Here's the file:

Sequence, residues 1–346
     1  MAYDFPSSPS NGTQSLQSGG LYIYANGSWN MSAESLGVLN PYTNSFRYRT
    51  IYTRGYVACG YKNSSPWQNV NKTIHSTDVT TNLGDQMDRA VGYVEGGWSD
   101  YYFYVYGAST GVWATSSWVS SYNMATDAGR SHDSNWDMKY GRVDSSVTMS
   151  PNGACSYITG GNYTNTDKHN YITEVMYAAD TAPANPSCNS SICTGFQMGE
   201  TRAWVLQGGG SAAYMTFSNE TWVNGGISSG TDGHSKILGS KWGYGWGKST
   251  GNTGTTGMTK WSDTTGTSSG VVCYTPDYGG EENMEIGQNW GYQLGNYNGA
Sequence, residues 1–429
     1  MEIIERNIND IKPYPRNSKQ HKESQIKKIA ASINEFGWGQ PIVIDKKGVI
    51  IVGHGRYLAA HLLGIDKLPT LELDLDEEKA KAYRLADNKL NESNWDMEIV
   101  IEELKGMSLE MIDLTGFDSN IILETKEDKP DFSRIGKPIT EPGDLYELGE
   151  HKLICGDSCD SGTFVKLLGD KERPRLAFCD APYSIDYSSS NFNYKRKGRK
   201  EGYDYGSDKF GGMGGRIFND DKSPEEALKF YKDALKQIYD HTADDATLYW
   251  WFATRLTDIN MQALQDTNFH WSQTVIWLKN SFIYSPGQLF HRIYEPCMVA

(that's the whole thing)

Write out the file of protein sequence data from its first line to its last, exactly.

Sequence, residues 1–346
     1  MAYDFPSSPS NGTQSLQSGG LYIYANGSWN MSAESLGVLN PYTNSFRYRT
    51  IYTRGYVACG YKNSSPWQNV NKTIHSTDVT TNLGDQMDRA VGYVEGGWSD
   101  YYFYVYGAST GVWATSSWVS SYNMATDAGR SHDSNWDMKY GRVDSSVTMS
   151  PNGACSYITG GNYTNTDKHN YITEVMYAAD TAPANPSCNS SICTGFQMGE
   201  TRAWVLQGGG SAAYMTFSNE TWVNGGISSG TDGHSKILGS KWGYGWGKST
   251  GNTGTTGMTK WSDTTGTSSG VVCYTPDYGG EENMEIGQNW GYQLGNYNGA
Sequence, residues 1–429
     1  MEIIERNIND IKPYPRNSKQ HKESQIKKIA ASINEFGWGQ PIVIDKKGVI
    51  IVGHGRYLAA HLLGIDKLPT LELDLDEEKA KAYRLADNKL NESNWDMEIV
   101  IEELKGMSLE MIDLTGFDSN IILETKEDKP DFSRIGKPIT EPGDLYELGE
   151  HKLICGDSCD SGTFVKLLGD KERPRLAFCD APYSIDYSSS NFNYKRKGRK
   201  EGYDYGSDKF GGMGGRIFND DKSPEEALKF YKDALKQIYD HTADDATLYW
   251  WFATRLTDIN MQALQDTNFH WSQTVIWLKN SFIYSPGQLF HRIYEPCMVA